“Environmentalists don’t care about eliminating greenhouse gases, they care about stopping oil and gas,” she added. “And they know on federal lands, where there is so much process and protection, that they have more levers for mitigation. But when we stop getting our oil and gas from here, all that does is shift the greenhouse gas emissions to other parts of the country, or to different countries like Venezuela or Saudi Arabia.”

So when the public is considering how to comment on the BLM’s more climate-friendly plan, Sgamma said it should remember that shutting down leases doesn’t equal reduced carbon emissions, “because things like solar or geothermal energy just can’t support the grid right now, and Americans aren’t going to stop using oil and gas.”  

Mountain bikers are neutral on drilling  

The mountain bike industry takes a neutral stance when it comes to oil and gas leasing on lands surrounding Grand Junction and Fruita as well as on the Uncompahgre Plateau near Montrose, said John Howe, president of the Colorado Plateau Mountain Bike Association, which advocates for trails in both regions.

“Oil and gas development are just as important to the BLM’s multiple-use mandate as recreation,” he added.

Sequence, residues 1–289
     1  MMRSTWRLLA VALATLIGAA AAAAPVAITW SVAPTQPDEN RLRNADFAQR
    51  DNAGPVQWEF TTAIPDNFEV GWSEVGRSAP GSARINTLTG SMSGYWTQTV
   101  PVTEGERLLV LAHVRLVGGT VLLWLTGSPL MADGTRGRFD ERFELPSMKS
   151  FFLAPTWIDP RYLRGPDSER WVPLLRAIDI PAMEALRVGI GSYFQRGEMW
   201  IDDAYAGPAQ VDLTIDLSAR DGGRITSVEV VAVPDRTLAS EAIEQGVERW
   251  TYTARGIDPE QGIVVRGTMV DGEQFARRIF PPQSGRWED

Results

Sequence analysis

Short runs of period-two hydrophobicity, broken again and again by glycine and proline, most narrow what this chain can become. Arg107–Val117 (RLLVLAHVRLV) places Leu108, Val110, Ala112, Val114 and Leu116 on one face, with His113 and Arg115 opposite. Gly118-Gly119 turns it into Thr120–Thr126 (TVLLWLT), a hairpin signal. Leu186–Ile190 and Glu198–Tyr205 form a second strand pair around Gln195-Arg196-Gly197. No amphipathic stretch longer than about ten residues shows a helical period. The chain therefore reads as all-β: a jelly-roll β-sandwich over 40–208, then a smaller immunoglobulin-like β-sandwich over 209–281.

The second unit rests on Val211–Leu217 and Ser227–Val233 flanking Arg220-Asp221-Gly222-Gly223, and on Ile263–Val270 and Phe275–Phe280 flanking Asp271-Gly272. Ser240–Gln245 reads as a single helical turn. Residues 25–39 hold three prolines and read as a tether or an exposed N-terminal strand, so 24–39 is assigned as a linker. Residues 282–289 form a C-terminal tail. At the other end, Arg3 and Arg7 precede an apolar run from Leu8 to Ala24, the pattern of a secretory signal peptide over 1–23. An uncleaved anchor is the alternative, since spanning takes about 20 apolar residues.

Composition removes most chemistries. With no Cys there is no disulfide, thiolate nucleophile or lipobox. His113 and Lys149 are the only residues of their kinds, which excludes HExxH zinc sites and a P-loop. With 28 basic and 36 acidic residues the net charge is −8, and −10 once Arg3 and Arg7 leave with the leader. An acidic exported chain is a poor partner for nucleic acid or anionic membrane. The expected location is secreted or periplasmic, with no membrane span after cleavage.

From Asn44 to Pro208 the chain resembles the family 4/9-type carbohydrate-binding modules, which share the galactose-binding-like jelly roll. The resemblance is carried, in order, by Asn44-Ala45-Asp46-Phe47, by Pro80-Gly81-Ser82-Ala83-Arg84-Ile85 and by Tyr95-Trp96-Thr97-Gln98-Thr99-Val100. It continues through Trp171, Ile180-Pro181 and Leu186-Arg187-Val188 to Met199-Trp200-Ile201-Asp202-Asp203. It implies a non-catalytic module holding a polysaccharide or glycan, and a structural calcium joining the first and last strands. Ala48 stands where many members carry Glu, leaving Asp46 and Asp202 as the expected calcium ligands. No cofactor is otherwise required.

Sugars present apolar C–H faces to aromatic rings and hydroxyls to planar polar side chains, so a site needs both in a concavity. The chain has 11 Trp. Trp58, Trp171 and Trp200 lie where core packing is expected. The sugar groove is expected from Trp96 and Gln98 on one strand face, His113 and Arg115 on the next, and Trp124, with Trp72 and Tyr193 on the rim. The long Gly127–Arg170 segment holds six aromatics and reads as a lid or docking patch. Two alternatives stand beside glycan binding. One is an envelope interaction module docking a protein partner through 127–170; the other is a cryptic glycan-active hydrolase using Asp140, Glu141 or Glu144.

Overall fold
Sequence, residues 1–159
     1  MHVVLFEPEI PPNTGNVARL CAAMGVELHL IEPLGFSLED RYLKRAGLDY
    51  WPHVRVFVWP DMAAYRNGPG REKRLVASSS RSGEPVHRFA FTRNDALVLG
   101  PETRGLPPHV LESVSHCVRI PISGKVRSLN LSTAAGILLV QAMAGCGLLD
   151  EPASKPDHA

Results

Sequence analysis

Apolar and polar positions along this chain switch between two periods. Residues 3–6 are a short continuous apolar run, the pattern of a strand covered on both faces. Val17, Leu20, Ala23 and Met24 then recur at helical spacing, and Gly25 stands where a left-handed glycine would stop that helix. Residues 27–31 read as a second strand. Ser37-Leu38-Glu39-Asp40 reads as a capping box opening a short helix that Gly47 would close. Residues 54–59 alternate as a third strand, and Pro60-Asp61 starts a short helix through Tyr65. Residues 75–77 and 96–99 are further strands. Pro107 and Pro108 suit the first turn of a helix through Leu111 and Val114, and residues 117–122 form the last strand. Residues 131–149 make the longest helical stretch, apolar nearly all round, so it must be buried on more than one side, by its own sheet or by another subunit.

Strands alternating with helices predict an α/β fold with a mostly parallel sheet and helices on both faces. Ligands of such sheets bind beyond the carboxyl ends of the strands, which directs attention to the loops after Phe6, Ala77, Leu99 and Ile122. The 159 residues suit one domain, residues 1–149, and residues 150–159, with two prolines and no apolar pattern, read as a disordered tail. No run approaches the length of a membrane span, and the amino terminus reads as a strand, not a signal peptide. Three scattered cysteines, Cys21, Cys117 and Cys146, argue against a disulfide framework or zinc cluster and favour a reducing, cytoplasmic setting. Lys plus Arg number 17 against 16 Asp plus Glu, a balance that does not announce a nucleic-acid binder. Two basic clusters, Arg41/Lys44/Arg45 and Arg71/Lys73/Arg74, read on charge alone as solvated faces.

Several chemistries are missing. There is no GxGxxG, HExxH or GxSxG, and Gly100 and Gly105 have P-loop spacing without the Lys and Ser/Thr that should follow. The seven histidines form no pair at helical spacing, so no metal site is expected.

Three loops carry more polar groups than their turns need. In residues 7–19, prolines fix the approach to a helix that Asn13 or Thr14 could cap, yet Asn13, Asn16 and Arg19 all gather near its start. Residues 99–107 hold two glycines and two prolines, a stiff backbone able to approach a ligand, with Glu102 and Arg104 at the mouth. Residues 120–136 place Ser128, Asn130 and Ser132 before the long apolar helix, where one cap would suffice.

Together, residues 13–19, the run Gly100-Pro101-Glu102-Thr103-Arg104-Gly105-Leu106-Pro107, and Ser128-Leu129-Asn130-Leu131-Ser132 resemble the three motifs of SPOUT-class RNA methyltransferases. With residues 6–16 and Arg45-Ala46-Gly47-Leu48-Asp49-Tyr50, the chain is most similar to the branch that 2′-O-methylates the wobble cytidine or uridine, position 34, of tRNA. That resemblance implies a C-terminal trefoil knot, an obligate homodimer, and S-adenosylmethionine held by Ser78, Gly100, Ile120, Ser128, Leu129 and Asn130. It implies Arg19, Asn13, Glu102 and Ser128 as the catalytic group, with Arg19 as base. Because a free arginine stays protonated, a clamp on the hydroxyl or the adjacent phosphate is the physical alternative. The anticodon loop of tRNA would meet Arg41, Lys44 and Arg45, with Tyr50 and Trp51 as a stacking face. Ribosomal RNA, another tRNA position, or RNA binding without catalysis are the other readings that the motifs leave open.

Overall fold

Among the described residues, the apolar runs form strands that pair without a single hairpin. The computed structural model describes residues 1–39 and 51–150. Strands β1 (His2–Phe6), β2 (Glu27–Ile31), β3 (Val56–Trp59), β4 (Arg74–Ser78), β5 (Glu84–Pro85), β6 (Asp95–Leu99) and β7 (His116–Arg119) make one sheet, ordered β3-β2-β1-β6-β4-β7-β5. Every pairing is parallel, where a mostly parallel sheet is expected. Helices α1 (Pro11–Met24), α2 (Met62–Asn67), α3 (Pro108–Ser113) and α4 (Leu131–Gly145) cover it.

Popular trails the organization rides — including Lunch Loops and the Kokopelli area near Fruita, and Buzzard Gulch and The Whole Uncolada near Montrose — haven’t felt the impacts of development, he said.

It’s a different story on some gravel biking routes near the Colorado-Utah border, which travel roads on land leased by oil and gas, Howe said. “But if those companies weren’t there, the roads wouldn’t be either.” And that would mean one less destination for gravel bikers in that region. 

Howe added that the mountain bike lobby in Colorado is “really in its formative stages,” organized more around advocacy for trails, “and not really wading into broader environmental issues.” 

Neutrality is not an option, however, for Barbara Vasquez, a citizen scientist and activist who works on public lands issues as well as oil and gas impacts on the environment and local communities. 

Vasquez works with Great Old Broads for Wilderness, a Durango-based advocacy group that fights for protection of wilderness and wild lands through 40 chapters in 17 states across the U.S. Vasquez sat on the BLM’s resource advisory council for Northwest Colorado from 2011 to 2017, working with disparate stakeholders on issues including fossil fuel development.